It includes a great story of some thieves returning Mr. Rogers' car after finding out it was his, leaving a note that said, "If we'd known it was yours, we never would have taken it."
I also really like this:
Once, on a fancy trip up to a PBS exec's house, he heard the limo driver was going to wait outside for 2 hours, so he insisted the driver come in and join them (which flustered the host).On the way back, Rogers sat up front, and when he learned that they were passing the driver's home on the way, he asked if they could stop in to meet his family. According to the driver, it was one of the best nights of his life the house supposedly lit up when Rogers arrived, and he played jazz piano and bantered with them late into the night. Further, like with the reporters, Rogers sent him notes and kept in touch with the driver for the rest of his life.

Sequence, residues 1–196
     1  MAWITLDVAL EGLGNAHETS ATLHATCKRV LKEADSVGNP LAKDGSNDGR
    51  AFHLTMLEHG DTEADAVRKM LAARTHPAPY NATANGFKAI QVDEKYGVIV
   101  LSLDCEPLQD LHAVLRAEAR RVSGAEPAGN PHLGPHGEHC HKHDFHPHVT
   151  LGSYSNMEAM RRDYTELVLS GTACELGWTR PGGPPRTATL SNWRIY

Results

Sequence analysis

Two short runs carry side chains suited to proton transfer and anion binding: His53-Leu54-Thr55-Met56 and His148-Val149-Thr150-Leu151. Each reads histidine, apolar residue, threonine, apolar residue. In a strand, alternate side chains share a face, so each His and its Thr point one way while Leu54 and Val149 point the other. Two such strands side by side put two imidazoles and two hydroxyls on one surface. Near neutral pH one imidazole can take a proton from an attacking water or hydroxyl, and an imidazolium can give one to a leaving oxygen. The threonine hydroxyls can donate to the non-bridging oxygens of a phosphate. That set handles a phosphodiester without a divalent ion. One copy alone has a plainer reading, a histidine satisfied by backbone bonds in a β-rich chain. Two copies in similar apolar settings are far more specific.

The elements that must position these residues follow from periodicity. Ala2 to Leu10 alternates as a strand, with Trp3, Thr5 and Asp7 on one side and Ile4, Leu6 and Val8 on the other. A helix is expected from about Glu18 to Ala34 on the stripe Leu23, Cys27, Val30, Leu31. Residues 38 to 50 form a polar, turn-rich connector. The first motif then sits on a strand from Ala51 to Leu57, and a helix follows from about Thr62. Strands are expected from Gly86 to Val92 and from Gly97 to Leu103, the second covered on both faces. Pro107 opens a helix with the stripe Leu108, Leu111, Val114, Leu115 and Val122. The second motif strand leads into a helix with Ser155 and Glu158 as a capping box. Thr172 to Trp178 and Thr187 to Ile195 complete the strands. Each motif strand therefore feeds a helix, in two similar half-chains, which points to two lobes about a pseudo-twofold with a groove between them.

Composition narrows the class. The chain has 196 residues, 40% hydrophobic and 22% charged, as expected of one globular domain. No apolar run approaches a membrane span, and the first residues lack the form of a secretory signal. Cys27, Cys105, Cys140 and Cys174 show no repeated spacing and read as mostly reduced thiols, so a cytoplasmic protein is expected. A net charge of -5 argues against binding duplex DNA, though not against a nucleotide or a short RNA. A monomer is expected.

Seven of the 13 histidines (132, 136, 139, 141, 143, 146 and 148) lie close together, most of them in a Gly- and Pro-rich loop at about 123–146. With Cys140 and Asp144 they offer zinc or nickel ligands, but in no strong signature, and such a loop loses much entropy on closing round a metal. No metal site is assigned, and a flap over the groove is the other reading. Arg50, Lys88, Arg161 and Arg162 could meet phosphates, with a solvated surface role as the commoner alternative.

This article has come up in a couple of different classes, for a couple of different reasons. I couldn't tell you exactly why, other than I had read it recently and that I tend to free associate quite a bit. Last night in class I mentioned that if I could scrape off a layer of pointless ego and be like Mr. Rogers, I would be better off.